It is important to set aside pieces of wild or nearly wild land. That’s why we have National Parks, Forests, State forests, and wilderness areas. Those are on a much larger scale, but even in our small corner of Arizona, we can do our part to protect nature as it exists without human interference. We have designated a portion of Harmony & Health land as the Nature Sanctuary. That land will not be used for habitation or agriculture. It will be a space for desert life to continue without our meddlesome ways.


With the right knowledge and skills, human interference can actually improve an environment, restoring it after previous damage or enhancing it to a level that can support even more wildlife. The Bowl is a scar on our land, leftover from the construction of Ajo Highway. Our goal is to create a Sustainable Oasis around and in the Bowl, with swales, berms, terraces and other earth-sculpting for water collection and cultivating an explosion of natural growth.

Last year's winter garden after planting.
Last year’s winter garden after planting.

Sustainable Permaculture

Permaculture is an approach to farming that doesn’t damage the land. It includes many tools, such as rain-water harvesting, crop rotation, no-till planting, cover crops, probiotic inoculants, native plants and varieties, and organic compost. Our goal is to create food forests and hugelkulture beds that do not require extensive irrigation, that do not increase erosion, that renew the nutrients and microorganisms in the soil, that are free of chemicals, and that produce enough food to feed our community.

Fixing the solar water heater.

Alternative Energy

Due to our location in Arizona, our number one resource is sunlight. We already take advantage of the powerful rays through passive solar water heaters and solar ovens. As we expand, we will be adding small solar-charging stations and eventually a solar panel array. In addition to the solar resource, there is also great potential in wind power. The majority of our days are quite windy, and many are extremely windy. We are on a floodplain of mesquite trees on the very edge of the Sonoran Desert, so the winds come whipping through with no large forest or rocky outcroppings to deter them. We are exploring the possibilities of installing a windmill and what that would entail.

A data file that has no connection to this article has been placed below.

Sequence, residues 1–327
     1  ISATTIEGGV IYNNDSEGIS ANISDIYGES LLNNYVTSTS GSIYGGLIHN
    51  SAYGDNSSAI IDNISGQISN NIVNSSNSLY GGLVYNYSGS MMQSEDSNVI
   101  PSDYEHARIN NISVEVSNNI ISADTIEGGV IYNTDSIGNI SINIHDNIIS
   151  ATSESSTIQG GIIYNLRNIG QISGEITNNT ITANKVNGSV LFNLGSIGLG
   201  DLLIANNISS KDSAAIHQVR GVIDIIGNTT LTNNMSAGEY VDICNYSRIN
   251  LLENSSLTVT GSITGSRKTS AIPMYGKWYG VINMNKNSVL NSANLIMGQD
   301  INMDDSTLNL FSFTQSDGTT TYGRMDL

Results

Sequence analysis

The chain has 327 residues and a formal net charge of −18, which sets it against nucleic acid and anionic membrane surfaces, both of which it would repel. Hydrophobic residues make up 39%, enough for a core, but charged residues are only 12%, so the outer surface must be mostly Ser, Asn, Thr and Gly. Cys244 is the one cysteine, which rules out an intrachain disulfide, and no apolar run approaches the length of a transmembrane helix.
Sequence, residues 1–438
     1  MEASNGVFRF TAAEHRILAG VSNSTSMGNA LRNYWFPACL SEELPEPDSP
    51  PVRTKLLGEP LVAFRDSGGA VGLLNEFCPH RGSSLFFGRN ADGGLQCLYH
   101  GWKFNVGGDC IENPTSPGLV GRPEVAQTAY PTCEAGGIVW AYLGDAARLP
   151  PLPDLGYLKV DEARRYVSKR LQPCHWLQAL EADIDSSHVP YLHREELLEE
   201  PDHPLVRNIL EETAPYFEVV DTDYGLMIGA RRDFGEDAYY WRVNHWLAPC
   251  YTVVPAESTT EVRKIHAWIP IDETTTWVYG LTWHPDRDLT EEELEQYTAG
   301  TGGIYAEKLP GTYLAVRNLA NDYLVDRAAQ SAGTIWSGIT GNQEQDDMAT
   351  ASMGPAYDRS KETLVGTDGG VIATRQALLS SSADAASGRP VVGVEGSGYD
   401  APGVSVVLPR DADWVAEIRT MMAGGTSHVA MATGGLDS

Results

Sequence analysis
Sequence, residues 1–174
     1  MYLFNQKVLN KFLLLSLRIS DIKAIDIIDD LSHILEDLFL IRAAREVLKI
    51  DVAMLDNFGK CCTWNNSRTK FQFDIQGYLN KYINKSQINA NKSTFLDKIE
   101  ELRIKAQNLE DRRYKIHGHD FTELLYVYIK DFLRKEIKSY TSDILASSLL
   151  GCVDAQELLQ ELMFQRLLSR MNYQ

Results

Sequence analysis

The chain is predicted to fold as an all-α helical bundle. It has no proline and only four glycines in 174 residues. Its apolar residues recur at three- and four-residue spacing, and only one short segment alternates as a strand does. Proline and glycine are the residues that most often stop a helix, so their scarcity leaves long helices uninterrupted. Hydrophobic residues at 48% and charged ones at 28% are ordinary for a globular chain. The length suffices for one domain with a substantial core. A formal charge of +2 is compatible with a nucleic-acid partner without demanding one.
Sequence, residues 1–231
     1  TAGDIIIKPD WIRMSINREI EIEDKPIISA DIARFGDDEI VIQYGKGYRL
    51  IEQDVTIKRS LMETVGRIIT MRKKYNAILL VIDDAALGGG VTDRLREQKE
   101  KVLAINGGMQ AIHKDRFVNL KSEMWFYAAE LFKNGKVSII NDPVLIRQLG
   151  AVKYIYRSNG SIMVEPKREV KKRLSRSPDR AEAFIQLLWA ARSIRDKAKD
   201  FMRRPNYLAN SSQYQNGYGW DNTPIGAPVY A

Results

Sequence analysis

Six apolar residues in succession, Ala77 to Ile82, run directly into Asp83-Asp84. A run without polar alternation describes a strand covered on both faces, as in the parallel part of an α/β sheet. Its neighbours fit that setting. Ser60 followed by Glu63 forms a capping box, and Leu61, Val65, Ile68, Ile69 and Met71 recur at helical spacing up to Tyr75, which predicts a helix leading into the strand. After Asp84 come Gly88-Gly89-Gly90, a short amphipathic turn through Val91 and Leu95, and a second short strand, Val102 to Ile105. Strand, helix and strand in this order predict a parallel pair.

Reduce, Reuse, Recycle

The 3 Rs have been around for years now. Many families do what they can to reduce their consumption, reuse items when possible, and recycle all the materials they’ve used. We take this to the extreme, with a shared space set aside for used materials. Anyone who’s in need of an item or material for a project checks there first. It’s amazing what innovative uses we’ve found for what other people would label “trash”!



Doing all of these projects is rewarding and will continue to be worthwhile. But what about everyone else? We feel that we aren’t fully serving our community if we don’t become an educator, assisting others in becoming more environmentally responsible. We will continue to offer workshops on sustainable practices and homesteading skills (alternative building materials, composting toilets, seed harvesting, rainwater collection, etc.) We are also in the process of becoming a Rural Business Incubator, facilitating the launch of sustainable small businesses and helping existing businesses become more sustainable.